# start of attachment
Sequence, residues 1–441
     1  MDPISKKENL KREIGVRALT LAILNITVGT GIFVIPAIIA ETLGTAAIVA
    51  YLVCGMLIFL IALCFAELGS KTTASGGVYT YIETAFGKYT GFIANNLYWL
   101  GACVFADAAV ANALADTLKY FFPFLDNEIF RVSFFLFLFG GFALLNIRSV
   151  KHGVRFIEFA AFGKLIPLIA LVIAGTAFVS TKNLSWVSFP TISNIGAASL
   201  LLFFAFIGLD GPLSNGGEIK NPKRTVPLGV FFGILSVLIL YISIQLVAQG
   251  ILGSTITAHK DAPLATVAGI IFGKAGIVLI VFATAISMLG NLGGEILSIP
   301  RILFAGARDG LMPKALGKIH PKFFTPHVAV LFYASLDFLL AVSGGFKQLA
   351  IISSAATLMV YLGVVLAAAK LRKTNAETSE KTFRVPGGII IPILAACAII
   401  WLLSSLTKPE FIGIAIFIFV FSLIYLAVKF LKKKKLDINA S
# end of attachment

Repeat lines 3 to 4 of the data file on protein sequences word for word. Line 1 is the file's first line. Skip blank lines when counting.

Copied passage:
    51  YLVCGMLIFL IALCFAELGS KTTASGGVYT YIETAFGKYT GFIANNLYWL
   101  GACVFADAAV ANALADTLKY FFPFLDNEIF RVSFFLFLFG GFALLNIRSV